Le Pain Quotidien in the Victoria Gate shopping centre, Leeds is a place that I really have grown to love since it opened last year. It is the perfect place for brunch with friends, meetups with colleagues or even a romantic first date. LPQ is somewhere I have frequently mentioned omy blog, but today I thought I would give LPQ their own special review to highlight how beautiful both the location and food can be.

The bakery first opened its doors in October 2016,  part of the new Victoria Gate shopping centre in Leeds city centre. It is the chain's first premises outside of London and is situated on the first floor, with a wonderful view of Victoria Gates beautiful architecture. Le Pain Quotidien specialises in Belgian food and inside it is like stepping into a traditional boulangerie with homely wooden furnishings, organic condiments laid out on the tables and bright yellow sunflowers to add a touch of warmth. It is casual, yet very chic and has the most inviting atmosphere, making it one of the cosiest, yet sophisticated places to visit for lunch.

Open from 9am to 9pm, the restaurant and bakery caters for their customers culinary needs at all times of day.  From all day brunches and traditional breakfasts consisting of avocado and toast through to popular Belgian tartines, to homemade hearty meals in the evening, such as slow cooked stews, stroganoffs and risottos. The restaurant and bakery also has gluten free and vegan options, making it widely accessible for those who have special dietary needs.

On this particular occasion that I had visited LPQ, I ordered their watermelon cooler and an avocado and feta tartine, which is a Belgian open top sandwich with a side order of olives. The items arrived beautifully presented and all the ingredients tasted incredibly fresh and satisfying. The portion sizes were also great substantial, which is great when you're busy and looking for a meal to fill you up.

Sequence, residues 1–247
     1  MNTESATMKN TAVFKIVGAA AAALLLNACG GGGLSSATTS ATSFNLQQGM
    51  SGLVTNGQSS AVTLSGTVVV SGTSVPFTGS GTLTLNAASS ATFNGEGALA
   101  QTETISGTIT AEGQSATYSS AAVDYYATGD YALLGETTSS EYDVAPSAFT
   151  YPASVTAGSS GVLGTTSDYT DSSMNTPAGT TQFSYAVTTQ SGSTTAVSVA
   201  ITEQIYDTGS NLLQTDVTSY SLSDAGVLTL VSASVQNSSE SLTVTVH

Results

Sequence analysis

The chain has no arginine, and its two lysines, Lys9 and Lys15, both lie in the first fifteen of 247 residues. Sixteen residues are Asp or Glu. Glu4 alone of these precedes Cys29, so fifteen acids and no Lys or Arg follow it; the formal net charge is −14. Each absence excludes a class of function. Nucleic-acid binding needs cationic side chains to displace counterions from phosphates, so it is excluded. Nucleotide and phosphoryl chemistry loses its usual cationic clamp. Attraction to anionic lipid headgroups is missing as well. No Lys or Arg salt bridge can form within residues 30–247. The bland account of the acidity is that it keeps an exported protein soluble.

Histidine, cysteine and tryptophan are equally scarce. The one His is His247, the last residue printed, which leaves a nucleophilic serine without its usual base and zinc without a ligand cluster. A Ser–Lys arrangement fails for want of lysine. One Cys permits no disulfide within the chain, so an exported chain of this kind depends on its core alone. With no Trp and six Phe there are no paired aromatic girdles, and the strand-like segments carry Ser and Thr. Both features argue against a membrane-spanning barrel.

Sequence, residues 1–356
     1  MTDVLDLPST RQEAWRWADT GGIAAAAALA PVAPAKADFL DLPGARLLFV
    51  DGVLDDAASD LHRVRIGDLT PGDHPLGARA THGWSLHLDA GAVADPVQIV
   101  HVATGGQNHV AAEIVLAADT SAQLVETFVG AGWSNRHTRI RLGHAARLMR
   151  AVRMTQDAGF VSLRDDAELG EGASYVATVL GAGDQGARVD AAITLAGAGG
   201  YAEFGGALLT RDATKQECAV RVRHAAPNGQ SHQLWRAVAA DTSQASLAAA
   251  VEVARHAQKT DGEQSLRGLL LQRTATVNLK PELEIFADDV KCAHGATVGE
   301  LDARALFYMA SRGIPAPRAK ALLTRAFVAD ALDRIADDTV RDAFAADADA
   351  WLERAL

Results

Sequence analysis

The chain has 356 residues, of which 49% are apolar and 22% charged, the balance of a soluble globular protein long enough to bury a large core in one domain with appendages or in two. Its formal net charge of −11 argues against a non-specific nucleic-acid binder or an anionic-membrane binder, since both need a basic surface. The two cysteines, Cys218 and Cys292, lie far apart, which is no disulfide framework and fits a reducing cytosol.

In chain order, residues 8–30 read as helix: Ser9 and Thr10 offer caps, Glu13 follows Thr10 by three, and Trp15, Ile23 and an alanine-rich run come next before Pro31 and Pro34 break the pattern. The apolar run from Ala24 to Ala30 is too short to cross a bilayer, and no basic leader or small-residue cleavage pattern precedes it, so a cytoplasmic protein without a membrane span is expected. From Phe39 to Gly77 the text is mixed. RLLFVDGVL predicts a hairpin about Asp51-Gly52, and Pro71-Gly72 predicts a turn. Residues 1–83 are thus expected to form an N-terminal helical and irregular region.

Prices can be on the more expensive side, but when the service is with a smile and the surroundings are as beautiful as this place, it is worth paying that little bit extra and it is in a shopping centre where the stores are more upmarket. If you're looking for an escape from the hustle and bustle of the city centre and looking for somewhere to transport you to Europe, it is definitely worth the visit, even if it is just for a coffee (which is just as good as everything else on the menu I've tried).

Have you been to a Le Pain Quotidien restaurant before?
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Five Reasons to Visit Galway, Ireland

Galway is Irelands fourth biggest city and without a doubt is one of the most picturesque cities Ireland has to offer. It is full to the brim with history and culture and has everything a tourist could wish for - from live street music on every corner, traditional pubs, a plethora of high street and independent stores, five star and michelin star restaurants, as well as a charming harbour and shoreline, lined with colourful buildings. The city has captured the hearts of so many that Galway has been announced as the European Capital of Culture 2020.  Three weeks ago I was finally able to tick Galway off my European bucket list and here's five reasons why you should consider visiting too.

The History

Galway has a history dating back approximately 800 years and evidence of Galways complex history can be found all over the city. There's so much to see from the Spanish Arch dating back to 1584 to the St Nicholas' Collegiate Church which is Irelands largest Medieval Parish Church and much more exhibited in the free to enter Galway City museum.